Gig review: Tinderbox Orchestra, Queen’s Hall, Edinburgh
WITH around 80 musicians crammed onstage at any one time, the triumphant culmination of the Tinderbox Frontiers Project, bringing together young musicians and singers from across Edinburgh, was likely to be loud. It would need to be to compete with the buzz from this enthusiastic audience.
Sure enough, the Tinderbox Orchestra in full flow were a formidable proposition, propelled along by a rocking rhythm section, energised by brass and string sections who really dug into their performance and coloured by the massed voices of the Tinderbox Choir and James Gillespie’s High School Choir, whose blend of pure, unearthly and bassy tones carried their repertoire into the stratosphere.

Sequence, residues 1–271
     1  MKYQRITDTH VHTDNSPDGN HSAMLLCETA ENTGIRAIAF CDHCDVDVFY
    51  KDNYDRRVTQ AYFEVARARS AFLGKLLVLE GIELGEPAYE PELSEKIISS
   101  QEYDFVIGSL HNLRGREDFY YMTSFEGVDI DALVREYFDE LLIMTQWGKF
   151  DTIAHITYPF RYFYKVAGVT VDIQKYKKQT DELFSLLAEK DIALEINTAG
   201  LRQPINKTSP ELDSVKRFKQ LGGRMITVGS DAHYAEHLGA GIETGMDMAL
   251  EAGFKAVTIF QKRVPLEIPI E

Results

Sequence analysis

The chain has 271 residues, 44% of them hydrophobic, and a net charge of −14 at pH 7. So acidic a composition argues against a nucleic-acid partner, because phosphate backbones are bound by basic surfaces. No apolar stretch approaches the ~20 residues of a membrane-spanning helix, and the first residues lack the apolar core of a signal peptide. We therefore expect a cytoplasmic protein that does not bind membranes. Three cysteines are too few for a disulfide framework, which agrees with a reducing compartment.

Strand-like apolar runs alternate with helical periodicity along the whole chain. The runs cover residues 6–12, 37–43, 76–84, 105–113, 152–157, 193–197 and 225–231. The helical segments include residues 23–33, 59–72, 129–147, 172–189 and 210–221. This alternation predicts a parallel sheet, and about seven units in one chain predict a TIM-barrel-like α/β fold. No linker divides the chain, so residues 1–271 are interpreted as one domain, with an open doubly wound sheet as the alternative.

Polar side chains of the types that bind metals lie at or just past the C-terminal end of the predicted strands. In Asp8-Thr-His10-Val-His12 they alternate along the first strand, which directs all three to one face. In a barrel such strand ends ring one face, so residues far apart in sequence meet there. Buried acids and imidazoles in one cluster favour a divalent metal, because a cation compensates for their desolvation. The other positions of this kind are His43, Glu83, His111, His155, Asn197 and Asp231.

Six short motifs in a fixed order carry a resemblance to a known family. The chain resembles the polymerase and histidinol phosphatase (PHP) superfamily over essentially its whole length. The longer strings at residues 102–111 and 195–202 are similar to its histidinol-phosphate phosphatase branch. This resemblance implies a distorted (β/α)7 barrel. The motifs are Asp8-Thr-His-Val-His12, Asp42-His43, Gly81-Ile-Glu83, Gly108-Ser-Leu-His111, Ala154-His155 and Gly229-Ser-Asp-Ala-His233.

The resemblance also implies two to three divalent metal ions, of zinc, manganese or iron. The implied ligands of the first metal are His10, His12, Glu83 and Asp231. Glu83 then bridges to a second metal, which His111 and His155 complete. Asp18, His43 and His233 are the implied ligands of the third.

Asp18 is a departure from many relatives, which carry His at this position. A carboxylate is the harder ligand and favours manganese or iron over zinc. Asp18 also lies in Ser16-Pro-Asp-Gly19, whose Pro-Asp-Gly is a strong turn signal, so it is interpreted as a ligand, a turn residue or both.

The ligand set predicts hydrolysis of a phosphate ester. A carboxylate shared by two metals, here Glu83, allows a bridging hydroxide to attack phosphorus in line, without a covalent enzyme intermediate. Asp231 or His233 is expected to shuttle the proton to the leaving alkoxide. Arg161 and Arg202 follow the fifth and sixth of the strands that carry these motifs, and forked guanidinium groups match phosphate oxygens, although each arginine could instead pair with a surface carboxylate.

The centrepiece of the concert was an original work, Colour of Conflict, which burst from foreboding rumblings into an invigorating battleground for funky rhythms, jazzy woodwind, meaty vocals and momentous MCing.
Also joining the party for a few numbers apiece were two of Edinburgh’s most sonically creative bands. The heady electro hymns of the aptly named North Atlantic Oscillation almost sounded like an orchestra in their own right, while Broken Records combined the urgent and the anthemic to produce their beefy Caledonian rock sound.
Highlights of the second half included an apocalyptic chamber pop cover of Sufjan Stevens’s epic Age Of Adz and the soulful singers and rappers of local hip-hop collective G-Code leading the orchestra on their composition Troubled, before bands and orchestra came together for two final collaborations which harnessed the celebratory spirit of the occasion.